Victor Frankenstein Relationship Analysis

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Victor Frankenstein is the protagonist and the creator of “The monster.” As displayed in the book and article, he becomes the way he is by his relationships. His relationship with Elizabeth is an example of an important relationship. His cousin, adoptive sister, and eventual wife, she was always close to him. Elizabeth was dear to Victor’s heart in a way no one else was. Shelley depicts this unique affection Victor has for Elizabeth with this quote from Victor: On the evening previous to her being brought to my home, my mother had said playfully, “I have a pretty present for my Victor—tomorrow he shall have it.” And when, on the morrow, she presented Elizabeth to me as her promised gift, I, with childish seriousness, interpreted her words…show more content…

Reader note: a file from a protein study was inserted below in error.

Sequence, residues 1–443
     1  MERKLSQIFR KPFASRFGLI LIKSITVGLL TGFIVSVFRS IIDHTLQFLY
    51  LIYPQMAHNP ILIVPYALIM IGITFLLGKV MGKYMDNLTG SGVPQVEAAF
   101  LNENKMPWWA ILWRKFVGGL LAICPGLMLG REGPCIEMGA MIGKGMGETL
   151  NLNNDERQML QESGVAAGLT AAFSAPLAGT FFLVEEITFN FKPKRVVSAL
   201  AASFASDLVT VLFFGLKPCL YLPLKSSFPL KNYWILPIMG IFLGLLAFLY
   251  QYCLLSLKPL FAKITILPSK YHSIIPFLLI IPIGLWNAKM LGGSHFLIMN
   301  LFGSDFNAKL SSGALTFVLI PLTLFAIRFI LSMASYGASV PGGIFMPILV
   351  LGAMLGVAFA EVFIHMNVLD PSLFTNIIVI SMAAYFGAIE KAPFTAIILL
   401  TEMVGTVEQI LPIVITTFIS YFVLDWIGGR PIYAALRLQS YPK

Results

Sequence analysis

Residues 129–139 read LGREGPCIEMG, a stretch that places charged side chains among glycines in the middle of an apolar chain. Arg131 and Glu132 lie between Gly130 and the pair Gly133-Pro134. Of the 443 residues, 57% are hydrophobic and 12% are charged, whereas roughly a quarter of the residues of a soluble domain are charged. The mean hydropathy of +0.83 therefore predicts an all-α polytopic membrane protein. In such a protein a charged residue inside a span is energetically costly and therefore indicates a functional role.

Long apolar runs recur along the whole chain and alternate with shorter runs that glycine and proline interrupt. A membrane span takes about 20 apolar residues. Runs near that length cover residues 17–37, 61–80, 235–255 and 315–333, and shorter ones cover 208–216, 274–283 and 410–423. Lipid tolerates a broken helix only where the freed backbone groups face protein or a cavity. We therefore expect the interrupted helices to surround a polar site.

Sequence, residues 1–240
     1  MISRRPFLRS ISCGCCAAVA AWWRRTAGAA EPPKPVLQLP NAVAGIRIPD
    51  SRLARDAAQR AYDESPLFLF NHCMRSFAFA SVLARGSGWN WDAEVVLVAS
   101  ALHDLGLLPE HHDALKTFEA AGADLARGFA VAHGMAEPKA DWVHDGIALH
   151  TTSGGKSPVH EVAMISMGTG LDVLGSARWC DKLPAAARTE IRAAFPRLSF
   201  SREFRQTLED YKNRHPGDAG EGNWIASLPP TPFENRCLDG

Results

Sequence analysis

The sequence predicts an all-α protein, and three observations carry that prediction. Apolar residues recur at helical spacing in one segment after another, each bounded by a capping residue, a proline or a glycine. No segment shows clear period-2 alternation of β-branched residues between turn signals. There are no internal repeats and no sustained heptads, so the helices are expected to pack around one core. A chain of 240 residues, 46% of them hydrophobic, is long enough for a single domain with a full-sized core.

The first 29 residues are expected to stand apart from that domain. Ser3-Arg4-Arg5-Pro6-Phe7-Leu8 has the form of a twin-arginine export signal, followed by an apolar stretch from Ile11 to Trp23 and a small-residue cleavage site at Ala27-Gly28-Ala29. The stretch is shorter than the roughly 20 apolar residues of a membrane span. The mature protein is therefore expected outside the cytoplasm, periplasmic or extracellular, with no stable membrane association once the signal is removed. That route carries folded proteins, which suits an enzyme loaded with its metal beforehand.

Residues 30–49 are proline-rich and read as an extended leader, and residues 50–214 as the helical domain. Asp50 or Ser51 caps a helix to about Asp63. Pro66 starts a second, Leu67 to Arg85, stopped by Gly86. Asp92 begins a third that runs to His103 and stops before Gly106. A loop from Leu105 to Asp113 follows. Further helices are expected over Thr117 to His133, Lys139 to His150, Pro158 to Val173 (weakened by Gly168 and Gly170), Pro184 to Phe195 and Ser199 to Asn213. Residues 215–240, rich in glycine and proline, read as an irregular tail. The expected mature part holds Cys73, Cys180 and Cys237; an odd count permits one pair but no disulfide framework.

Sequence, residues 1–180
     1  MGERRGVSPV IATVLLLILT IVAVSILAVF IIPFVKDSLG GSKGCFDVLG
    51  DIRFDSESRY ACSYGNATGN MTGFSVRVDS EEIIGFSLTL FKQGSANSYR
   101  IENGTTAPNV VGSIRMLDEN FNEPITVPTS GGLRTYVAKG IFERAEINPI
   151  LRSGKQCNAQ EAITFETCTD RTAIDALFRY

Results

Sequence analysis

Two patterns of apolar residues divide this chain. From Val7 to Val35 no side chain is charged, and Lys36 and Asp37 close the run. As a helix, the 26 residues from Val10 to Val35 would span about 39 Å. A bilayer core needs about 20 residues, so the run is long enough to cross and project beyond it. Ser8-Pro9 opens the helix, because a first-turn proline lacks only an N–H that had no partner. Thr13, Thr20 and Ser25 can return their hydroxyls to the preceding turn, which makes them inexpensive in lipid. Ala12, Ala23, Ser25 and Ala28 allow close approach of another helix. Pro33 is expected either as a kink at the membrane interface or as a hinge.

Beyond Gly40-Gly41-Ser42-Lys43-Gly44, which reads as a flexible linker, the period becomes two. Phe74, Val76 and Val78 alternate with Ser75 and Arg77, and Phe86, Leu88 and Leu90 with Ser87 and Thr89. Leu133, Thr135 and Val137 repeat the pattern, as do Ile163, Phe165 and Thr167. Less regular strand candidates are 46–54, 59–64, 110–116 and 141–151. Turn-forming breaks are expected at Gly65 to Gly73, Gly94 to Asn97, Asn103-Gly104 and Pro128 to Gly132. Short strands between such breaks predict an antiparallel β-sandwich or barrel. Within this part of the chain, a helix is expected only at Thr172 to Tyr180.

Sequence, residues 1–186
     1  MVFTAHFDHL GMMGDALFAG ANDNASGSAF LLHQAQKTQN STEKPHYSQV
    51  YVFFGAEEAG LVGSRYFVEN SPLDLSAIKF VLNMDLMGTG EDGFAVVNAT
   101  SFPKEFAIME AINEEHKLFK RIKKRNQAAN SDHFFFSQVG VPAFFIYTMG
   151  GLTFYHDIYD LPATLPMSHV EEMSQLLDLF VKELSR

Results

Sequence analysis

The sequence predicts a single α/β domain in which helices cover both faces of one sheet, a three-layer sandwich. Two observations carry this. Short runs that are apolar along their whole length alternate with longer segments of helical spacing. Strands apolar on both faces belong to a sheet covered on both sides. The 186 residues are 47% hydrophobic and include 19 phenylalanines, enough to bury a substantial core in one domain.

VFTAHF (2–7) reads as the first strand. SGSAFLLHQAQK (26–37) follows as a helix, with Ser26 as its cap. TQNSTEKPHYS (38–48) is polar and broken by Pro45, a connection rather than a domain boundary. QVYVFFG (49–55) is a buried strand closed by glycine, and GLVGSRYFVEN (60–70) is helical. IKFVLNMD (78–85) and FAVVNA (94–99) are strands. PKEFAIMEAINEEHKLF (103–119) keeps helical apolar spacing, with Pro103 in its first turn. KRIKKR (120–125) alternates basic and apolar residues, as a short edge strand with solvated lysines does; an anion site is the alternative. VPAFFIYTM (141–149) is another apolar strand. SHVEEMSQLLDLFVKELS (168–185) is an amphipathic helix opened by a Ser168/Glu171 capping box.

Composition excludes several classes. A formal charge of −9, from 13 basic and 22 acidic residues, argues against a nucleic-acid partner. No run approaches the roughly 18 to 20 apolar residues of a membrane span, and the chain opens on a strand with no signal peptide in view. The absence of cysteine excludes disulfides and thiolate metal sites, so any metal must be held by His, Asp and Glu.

He sees her as his own possession. He believes he must protect her and keep her safe from the world. Victor also strongly believes that she can only belong to him alone. As a child, he vows to never let anyone else to have her. This relationship changes when Elizabeth and Victor eventually marry. The short lived happiness is cut when Frankenstein’s monster kills Elizabeth on the night they were married. This act fills Victor with negative emotions of all kinds. The loss of his precious Elizabeth destroys victor and causes him to pass out from the sheer amount of shock. The act of losing Victor begins his true descent into insanity as his body and mind feels with hate. Victor also has a very important relationship with the monster. The monster has no relationship with Victor besides a need for revenge. When Victor created the monster, he looked on him in disgust. He abandoned his creation after looking upon the creation with horror. This feels the monster with loneliness and rage, so he goes and lives on Felix’s farm. However, he realizes how alone he is, so he returns to Frankenstein and demands a female partner. He promises to cease all relations with his creator if he can give him a mate. Victor reluctantly agrees and builds a bride for the fiend he created. However, he destroys the female and dumps the body in the lake, much to the anger of the monster, shown when he states “Shall each man,” cried he, “find a wife for his bosom, and each beast have his mate, and I be alone?”
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